Click here for a larger image
This Cruikshank cartoon shows Byng wearing a Hawaiian grass skirt, sitting on a pile of eggs from some of which chicks are emerging; facing him stand the three Sandwich Islanders in feathers and paint: the King and Queen and (presumably) the Governor, Boko, who is shorter, older, and less feathered than the royal pair; all stare and laugh. Byng wears a feathered Sandwich Island kilt, with his blue coat; in his hand is a paper on which is written, "To be seen in full operation the Apparatus for Hatching Poultry and Game Birds by Steam". Byng was an inveterate gambler at "Brooks", and a note at the base of the print refers to gambling losses of £500. Byng invested in a steam hatching invention.
The inscriptions read as follows:
Byng says: Egad these Breeches are a valuable present — I'll turn 'em to account — Dash my wig if I don't open a Concern in opposition to the Steam, & hatch Chickens by the Grose in the Natural way. I shall then be able to supply your Sandwich Majesties and other Majesties, Tables with the Real Poodle Poultry of the finest flavour in the Universe.
A goose, partly confined in an egg, flies behind his head, asking. "What will Barlow  say to all this?"
Centre: "To be seen in full operation the Apparatus for Hatching Poultry and Game Birds by Steam.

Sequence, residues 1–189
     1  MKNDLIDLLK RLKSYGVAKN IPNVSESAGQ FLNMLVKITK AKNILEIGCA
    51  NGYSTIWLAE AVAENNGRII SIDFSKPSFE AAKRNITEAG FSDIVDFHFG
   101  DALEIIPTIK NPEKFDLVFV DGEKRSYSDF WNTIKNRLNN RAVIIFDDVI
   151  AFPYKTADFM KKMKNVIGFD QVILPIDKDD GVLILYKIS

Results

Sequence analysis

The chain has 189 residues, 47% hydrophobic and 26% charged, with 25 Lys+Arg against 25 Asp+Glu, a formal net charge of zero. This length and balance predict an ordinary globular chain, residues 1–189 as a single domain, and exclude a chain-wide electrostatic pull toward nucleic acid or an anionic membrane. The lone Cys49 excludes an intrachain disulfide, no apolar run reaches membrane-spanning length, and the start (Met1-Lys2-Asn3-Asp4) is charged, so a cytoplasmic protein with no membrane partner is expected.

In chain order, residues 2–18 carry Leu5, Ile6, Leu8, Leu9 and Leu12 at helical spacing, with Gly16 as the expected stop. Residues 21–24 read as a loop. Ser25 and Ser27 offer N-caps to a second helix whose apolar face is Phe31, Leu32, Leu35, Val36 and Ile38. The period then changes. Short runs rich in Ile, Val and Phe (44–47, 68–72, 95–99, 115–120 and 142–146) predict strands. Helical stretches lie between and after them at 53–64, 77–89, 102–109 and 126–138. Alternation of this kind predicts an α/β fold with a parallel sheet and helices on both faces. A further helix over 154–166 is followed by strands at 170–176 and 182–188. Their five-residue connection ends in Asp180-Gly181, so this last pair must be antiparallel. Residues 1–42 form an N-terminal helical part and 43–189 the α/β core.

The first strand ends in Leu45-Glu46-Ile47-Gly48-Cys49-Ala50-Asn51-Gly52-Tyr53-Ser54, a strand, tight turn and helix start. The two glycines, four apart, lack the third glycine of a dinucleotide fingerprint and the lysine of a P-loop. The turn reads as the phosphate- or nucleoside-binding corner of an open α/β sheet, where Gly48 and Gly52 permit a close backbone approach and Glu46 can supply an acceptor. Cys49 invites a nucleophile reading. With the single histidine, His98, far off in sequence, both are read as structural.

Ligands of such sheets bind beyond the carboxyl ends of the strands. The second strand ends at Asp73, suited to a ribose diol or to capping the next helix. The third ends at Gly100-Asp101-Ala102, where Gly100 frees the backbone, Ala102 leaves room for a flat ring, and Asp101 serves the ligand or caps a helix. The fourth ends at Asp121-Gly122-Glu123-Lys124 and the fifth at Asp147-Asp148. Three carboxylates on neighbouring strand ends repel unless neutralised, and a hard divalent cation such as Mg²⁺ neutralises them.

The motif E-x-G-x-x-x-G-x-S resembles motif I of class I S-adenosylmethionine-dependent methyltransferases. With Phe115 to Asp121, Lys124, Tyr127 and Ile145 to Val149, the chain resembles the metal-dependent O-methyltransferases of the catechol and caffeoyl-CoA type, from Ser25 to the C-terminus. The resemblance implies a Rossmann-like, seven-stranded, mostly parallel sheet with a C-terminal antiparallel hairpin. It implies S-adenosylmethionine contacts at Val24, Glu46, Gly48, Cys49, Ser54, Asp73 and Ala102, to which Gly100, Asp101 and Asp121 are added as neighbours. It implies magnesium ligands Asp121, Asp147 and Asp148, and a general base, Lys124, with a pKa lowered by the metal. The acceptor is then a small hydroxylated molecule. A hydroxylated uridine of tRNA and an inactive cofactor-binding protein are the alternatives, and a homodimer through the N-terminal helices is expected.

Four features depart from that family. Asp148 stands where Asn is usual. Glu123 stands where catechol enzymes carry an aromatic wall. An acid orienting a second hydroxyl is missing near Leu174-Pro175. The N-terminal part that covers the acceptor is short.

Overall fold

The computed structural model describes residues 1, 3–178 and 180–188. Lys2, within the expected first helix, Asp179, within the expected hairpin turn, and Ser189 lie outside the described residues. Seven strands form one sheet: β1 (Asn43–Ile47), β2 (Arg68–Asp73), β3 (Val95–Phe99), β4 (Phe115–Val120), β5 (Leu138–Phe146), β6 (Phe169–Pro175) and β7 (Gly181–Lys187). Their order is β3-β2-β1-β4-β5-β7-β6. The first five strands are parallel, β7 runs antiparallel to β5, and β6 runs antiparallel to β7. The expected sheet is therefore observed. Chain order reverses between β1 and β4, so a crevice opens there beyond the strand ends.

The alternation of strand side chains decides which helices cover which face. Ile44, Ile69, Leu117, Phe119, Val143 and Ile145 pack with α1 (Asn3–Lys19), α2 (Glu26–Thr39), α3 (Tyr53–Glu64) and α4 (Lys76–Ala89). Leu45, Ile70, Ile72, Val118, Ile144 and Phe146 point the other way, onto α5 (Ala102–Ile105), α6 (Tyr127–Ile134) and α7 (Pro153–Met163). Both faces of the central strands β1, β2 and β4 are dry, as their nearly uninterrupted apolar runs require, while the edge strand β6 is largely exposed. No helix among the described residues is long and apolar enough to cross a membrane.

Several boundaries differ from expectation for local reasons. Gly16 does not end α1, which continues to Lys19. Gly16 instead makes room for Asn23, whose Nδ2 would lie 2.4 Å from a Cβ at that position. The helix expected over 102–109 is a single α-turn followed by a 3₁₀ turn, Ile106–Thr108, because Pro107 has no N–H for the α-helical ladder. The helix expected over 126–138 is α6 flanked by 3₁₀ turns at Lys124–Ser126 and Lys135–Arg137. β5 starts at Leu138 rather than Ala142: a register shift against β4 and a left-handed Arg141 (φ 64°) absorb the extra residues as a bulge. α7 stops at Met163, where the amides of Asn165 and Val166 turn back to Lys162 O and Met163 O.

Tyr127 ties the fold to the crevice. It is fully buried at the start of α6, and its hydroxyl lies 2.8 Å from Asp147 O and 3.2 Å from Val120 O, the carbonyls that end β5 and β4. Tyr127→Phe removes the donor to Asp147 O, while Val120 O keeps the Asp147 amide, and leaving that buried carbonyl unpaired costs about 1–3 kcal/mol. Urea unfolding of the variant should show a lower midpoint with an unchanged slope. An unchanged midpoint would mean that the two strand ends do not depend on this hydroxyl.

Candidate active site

Byng's head is covered by tight little curls; at his feet a poodle, "Poodle Byng" on its collar, barks "bow, wow, wow, wow" at the Sandwich Islanders.
A duckling breaking from an egg says: "This is a rum go. Quack! Quack! Quack!"
Under Byng's foot is a paper: Lost £300 or more at B ks's — NB saw them all out, started at 5 in the Morning."
Behind him a cock crows: "Cock! a doodle doo!"
The Queen, holding a feather fan before her face, says: "Doga, Ducka, Oha!! Shocka, Shocka, Shagga!"
The King: "Poka! Poka! Papa! Poopa, Foula! Massa Bitiga Hacha Hooka Waker!!"
Boko: "Quacka, Kacka, Hatcha Egga Cocka Chicka Bidda Hala! Hoa!!!"
Pubd June 1824 by J Fairburn Broadway Ludgate Hill;
Beneath image: R C fecit [that is, RC made me] ; A Favourite Poodle Hatching Poultry!! - or A present of Feather Breeches from the Sandwich Isles; Verso - in pencil: 30/-
 J. H. Barlow was an inventor of the incubator. He published Daily Progress of the chick in the egg during hatching on steam apparatus, 1824, and The Art and Method of Hatching and rearing all Kinds of Domestic Poultry and Game Birds by Steam, 1827. He successfully reared some 64,000 game birds annually.
|Meet the web creator||
These materials may be freely used for
non-commercial purposes in accordance with applicable statutory allowances
and distribution to students.
Last modified 12 January, 2016
|American Affairs 1760-83||The Age of the French Wars 1792-1815||Irish Affairs 1760-89|
|Economic Affairs in the Age of Peel||Irish
|Primary sources index||British Political Personalities||British Foreign policy 1815-65||European history||